Friday, December 29, 2006

Making Pie Crust

In his comments to my post You Just Had to Be There.... Kevin McCluskey writes:

I hear what you are saying but it kind of indicates that learning is always the same. synchronous learning is better because of context and the give and take between participants. Others might say that Asynchronous learning is better because you have time to think over ideas before you react. Neither answer is complete because learning is more than either synchronous or Asynchronous methods. To me it depends on the situation. Some times one works better; other times not

All learning and tool choices are situational.

Personally, when I have to design a course, I ask 2 questions:

- What is the ideal way to present this material to ensure optimum learning outcomes for my audience?

- Given the resources at my disposal (time, money, people, space, tools) - how do I need to modify the answer to question #1.

To demonstrate: let's say I have to learn how to make a pie crust.

Optimum learning scenario: I go see Mom and we spend time making pie crust. I can see what she does, feel textures, smell the pie baking and eat the pie - looking for texture and flavor. Dragging a recipe and notes back to my small apartment kitchen, I attempt to replicate the pie crust (practice). The result is then brought back to Mom for critique and we try again. At some point during the process, Mom shows up in my small kitchen to see the environment in which the learning takes place. With enough practice - I make good pie crust.

This process is synchronous. The takeaway (the recipe and notes) allow me to repeat the process asynchronosly at a later date.

Mom lives far away: Mom sends me a recipe via e-mail (I managed to drag her kicking and screaming into the 21st century). I call her while I make the pie crust to ask questions. If both parties had the resources, I would send her mobile pics of the various stages for her to critique. I feed the pie to my friends for feedback. I repeat the process until I find a pie crust I like. What's lost - there is no way to truly communicate appropriate textures without getting your hand in it. You are also missing the feedback loop from an expert on the process.

The initial process is asynchronous (the e-mail) with a synchronous component ("Hi Mom!")

Mom is a terrible cook and everyone you know buys pie crust at the store: I find a recipe for pie crust, follow the directions, and hope for the best. I can also watch a cooking show which will give me more visual information on how pie crust is made and what I should look for. I keep finding recipies and making notes until I find a pie crust technique I like and that my friends will eat. Disadvantage - requires a HUGE amount of self-motivation. And if I tried to tackle this without knowing some basics (like how to turn on the oven) - it might be trickier.

The majority of the process is asynchronous (text and video.

All 3 processes will ultimately result in me being able to make decent pie crust with enough motivation, money (for ingredients) and time.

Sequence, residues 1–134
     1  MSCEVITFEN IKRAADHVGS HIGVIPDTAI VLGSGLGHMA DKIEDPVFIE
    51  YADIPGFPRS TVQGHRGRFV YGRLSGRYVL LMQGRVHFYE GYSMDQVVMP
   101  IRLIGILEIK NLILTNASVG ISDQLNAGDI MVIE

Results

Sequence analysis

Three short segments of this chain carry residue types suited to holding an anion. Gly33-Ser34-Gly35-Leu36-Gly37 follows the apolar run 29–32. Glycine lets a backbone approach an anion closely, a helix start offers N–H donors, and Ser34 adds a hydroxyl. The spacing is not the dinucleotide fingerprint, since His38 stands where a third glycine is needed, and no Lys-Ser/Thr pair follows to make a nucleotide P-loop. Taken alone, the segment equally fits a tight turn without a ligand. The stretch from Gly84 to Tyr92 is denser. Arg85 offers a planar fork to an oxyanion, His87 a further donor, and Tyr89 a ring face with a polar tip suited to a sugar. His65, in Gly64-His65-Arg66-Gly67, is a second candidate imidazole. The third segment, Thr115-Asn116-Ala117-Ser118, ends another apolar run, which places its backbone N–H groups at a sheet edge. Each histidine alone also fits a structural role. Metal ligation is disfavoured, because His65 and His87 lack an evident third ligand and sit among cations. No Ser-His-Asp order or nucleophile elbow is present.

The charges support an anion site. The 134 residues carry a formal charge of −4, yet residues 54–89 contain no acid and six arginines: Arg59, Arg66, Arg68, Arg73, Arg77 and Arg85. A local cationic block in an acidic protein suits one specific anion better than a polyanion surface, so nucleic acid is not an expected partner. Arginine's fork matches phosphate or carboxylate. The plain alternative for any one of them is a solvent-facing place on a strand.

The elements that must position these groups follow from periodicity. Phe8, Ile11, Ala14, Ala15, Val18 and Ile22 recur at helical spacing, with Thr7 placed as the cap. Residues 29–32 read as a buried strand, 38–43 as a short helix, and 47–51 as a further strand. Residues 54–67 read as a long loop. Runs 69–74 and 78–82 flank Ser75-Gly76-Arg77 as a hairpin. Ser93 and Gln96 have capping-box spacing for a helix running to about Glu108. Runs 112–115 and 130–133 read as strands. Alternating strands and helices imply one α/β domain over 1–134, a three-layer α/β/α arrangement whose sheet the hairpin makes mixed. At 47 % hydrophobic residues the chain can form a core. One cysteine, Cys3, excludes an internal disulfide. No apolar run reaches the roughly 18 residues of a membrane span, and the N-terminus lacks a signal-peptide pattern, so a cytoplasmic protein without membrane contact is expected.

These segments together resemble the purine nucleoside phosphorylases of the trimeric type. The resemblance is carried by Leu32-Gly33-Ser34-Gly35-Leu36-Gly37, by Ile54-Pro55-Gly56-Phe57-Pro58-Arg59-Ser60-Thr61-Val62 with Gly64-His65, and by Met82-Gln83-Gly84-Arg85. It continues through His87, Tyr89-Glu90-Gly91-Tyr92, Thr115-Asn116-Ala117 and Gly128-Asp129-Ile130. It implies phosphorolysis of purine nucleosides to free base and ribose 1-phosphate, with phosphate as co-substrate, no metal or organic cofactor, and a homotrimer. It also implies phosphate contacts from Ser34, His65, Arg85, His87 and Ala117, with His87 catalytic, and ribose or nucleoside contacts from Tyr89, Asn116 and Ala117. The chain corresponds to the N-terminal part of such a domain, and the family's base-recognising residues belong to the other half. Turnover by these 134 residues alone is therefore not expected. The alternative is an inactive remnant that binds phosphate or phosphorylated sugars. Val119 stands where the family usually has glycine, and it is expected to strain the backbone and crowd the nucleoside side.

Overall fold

In other situations - a dominantly asynchronous learning process will provide better results. From what I've observed - asynchronous techniques work best with an audience with prior experience and well-designed tools.

For example, I find software applications easier to learn and teach through well-written text and interactive online tutorials. The student is able to learn at his or her own pace without feeling rushed. A synchronous component for individual questions (such as a chat room or a phone call) allow the student to get past stuck places and gain needed reassurance. It also provides some accountability.

Rick Lillie writes:

Think tools. To me a blog is a tool. Elgg is a tool. Microsoft Office is a tool. Google Docs and Spreadsheets is a tool. The question to ask at any moment is which tool is the right tool for the need at the moment? Which tool will enable the learning need at the moment to be met?

I'm a big fan of using tools - physical, virtual, and intellectual. Who says we have to use them in the prescribed manner?


End notes:
- Mom makes GREAT pie crust. Me - not so much......

- Dr. Lille's blog has some interesting ideas and tools for developing hybrid technology methods. Thanks for the link Dr. Lille!

- Commenters:
If you are a blogger or have a web page, please send me a link at the end of your comments. I get so much valuable information from your comments and I want to share your sites.

1 comment:

Karyn Romeis said...

Great analogy.

And I like Rick Lillie's point about thinking tools. The thing is, though, that the tools must be so integrated that they become invisible. When we watch TV, we focus on the show not the box, when we use Word, we focus on the document we're creating not the features of the software, etc. The challenge comes in when you have a heterogeneous audience, some of whom are so hung up on how to use the tools, that they can't get past that to the learning material you're offering. Hmm. and